Elena Piras: “Music, My Lifesaver & Inspiration”

Last night I was chatting with a Scottish friend of mine via Facebook and she told me she would like to get me introduced to a friend of hers. My dear friend said I would really, really fancy her because: a) she was from Sardinia, b) she was 35 and c) she plays guitar and sings very well.

I did some research on the Internet and, thanks Google, Facebook and some ability to filter information, I ended up finding some Elena Piras and I think that’s the girl my friend was talking about. Well, I’ll say no more. I just leave you with the text you can find yourself on Elena Piras web page.

“Music is one of the main things that has kept me going – my lifesaver and inspiration.’ From an article in the Sunday Herald Magazine.

BLIND since birth, ELENA PIRAS IS A FOLK, OPERA and JAZZ SINGER from Sassari in Sardinia who moved to England aged 18. She went on to work at the Royal Scottish Academy of Art in Edinburgh, and now lives in Glasgow.

Picture taken from Elena Piras oficial web page

Picture taken from Elena Piras oficial web page

“When I get up in the morning, I don’t really know what I look like. I’ve been blind since birth and had a hard time in childhood. Lack of tolerance is a problem in Italy, where the general attitude is that the shortcut to anywhere is the best approach.

Yet being blind hasn’t stopped me from spotting many things around me, things that surprise other people as they don’t expect it. I had to grow up quite quickly, because I needed to learn some things before anyone else. I had to choose the subjects I wanted to do at school very much in advance of the other pupils. For example, there was no room for changing my mind as the books had to be prepared for me in Braille from an early stage.

I lived in Edinburgh for a year, after moving from London. Whilst there I used to listen to Radio 4 to find out what was going on the world. I don’t know what I’d do without my digital radio – it is my one contact with the outside world as I don’t watch much television. Television only gives you one point of view, and isolates you to an extent. Lots of information is now on the Internet, which can be difficult for me to access.

When I stayed in Edinburgh I was working as a research assistant at the Royal Scottish Academy of Art and through this I began to network with people and get to know a lot about the musical events happening in Scotland. It was at events such as the opening of the annual exhibition in Edinburgh that I met people, including art gallery owners and people in the music business. All I had to do was stand there, and people would come up and speak to me, and one conversation led to another.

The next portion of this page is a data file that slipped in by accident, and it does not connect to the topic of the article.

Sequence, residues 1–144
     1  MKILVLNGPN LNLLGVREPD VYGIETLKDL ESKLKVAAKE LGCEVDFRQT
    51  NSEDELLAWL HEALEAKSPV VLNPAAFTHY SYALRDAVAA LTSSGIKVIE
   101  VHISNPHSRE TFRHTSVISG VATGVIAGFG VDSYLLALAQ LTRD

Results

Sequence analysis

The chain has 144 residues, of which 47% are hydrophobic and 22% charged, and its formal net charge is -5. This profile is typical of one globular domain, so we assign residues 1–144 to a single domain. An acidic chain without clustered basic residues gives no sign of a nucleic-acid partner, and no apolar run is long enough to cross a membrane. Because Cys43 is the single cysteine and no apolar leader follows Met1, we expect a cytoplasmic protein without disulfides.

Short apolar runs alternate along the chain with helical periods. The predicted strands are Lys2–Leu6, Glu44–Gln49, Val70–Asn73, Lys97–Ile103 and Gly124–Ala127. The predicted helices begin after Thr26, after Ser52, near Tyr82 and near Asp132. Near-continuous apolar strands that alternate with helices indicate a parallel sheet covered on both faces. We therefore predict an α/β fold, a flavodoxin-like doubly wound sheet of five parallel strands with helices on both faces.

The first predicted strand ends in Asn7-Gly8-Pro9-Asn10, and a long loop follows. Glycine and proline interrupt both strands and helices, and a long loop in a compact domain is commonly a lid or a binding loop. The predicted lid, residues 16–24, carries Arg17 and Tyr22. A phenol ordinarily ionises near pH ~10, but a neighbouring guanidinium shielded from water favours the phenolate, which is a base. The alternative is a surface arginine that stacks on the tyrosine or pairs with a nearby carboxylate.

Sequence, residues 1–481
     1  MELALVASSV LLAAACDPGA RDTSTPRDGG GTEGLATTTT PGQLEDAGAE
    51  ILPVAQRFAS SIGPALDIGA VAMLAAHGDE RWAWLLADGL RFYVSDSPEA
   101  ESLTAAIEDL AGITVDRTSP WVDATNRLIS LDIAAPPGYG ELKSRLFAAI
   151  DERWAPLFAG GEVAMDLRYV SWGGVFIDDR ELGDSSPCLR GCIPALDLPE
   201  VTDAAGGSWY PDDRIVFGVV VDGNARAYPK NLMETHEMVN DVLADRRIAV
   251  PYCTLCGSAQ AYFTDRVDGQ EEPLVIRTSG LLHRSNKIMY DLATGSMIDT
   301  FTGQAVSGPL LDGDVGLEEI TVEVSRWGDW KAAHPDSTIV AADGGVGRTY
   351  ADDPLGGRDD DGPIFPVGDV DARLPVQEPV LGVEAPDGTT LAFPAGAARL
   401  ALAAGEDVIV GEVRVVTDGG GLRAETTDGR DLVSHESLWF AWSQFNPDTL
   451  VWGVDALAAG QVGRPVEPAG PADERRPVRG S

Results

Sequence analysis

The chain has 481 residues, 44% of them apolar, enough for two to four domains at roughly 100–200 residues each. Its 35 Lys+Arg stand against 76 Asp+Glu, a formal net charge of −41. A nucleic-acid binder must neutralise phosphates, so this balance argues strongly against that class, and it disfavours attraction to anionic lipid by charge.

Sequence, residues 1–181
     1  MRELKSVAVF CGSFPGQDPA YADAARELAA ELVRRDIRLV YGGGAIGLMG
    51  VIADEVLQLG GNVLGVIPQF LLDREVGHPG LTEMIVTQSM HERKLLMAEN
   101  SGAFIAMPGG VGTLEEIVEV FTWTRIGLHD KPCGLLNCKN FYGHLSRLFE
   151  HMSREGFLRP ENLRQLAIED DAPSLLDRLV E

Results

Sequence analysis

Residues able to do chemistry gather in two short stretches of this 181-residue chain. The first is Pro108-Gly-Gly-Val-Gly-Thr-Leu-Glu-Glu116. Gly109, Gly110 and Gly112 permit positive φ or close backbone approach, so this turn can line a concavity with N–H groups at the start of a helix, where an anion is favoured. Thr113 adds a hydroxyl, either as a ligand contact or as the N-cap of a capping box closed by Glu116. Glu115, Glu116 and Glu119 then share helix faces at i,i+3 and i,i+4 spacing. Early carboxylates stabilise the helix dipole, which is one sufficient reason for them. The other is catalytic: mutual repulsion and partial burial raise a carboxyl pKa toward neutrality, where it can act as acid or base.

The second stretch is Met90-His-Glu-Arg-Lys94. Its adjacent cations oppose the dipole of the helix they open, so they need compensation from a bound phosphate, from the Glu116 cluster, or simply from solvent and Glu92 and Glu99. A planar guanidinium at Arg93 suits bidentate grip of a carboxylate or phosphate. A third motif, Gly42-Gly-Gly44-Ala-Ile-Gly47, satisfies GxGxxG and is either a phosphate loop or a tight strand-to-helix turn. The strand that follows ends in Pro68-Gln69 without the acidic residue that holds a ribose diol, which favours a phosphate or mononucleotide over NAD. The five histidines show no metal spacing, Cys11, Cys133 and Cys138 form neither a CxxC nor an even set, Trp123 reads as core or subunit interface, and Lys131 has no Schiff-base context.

Although I have been doing temporary jobs such as voluntary work for the RNIB and even waitressing at Dans le Noir – the new London restaurant where people eat in the dark – my real goal is to sing professionally. I love music. It is one of the main things that has kept me going – my lifesaver and my inspiration. My father used to sing in the village choir in Sardinia and was passionate about folk music, which I was introduced to from an early age. People say folk music is easy, but it is actually one of the hardest types of music as it evokes the culture and enthusiasm of a whole country, embodied within a song. But I also have classical music ingrained in me and I love to sing opera – no doubt influenced partly by my Italian roots. It is a field that truly doesn’t make any distinctions between people. Puccini, for me, is the most inspiring, and the most challenging to sing.

I joined the church choir at the age of seven and by the time I was 10, I was appearing on a local Italian TV station every Saturday afternoon. A t 14, I joined a professional choir. I decided to go to Hereford, in England, to attend the Royal National College for the Blind, because I wanted to learn how to use a white cane, and there was only one school in Italy which taught this. A lady who volunteered there got in touch with me in London a few years later to ask if I was interested in forming a Bulgarian choir with her. We set up the London Bulgarian Choir and I went on tour with them in Bulgaria. I still sing with them, and it is actually doing very well – making it to the final of the Choir of the Year competition in Cardiff a couple of years back.

Despite such public performances, my visual impairment still prevents me from doing a lot of things. People find it amusing I have no problems getting on a train from London all the way to Glasgow, where I now live, yet I still have to muster the courage to walk into a bar alone, although this is something most ladies have difficulty with! I have performed various gigs at numerous bars, clubs and theatres in Scotland. I have also recently performed at a number of festivals around the country such as the Perthshire Amber and Girvan folk festivals. I am currently attending Stow College in Glasgow, where I am a student of ‘Scottish Traditional Music’.

I would love to show that people are people and they don’t need to be treated a different way because of how they appear. I couldn’t count how many times people talk to me as though I were an idiot, and yet, when people ask if I need help, I always say yes, because to be honest, I do.

Before I go to bed at night, I try to read. Which takes me months. I have contact lenses, which allow me to see to an extent, as long as I have the page stuck to my nose! Or I listen to Book of the Week on the radio. In these respects, I am just like any ordinary person.”

This article is from August 2006, so some information may not be updated. However, I wish someday I get to know Elena Piras in person.

If you wish to know a little bit more about Elena Piras, please visit her web page and Youtube Channel:

Michael Thallium

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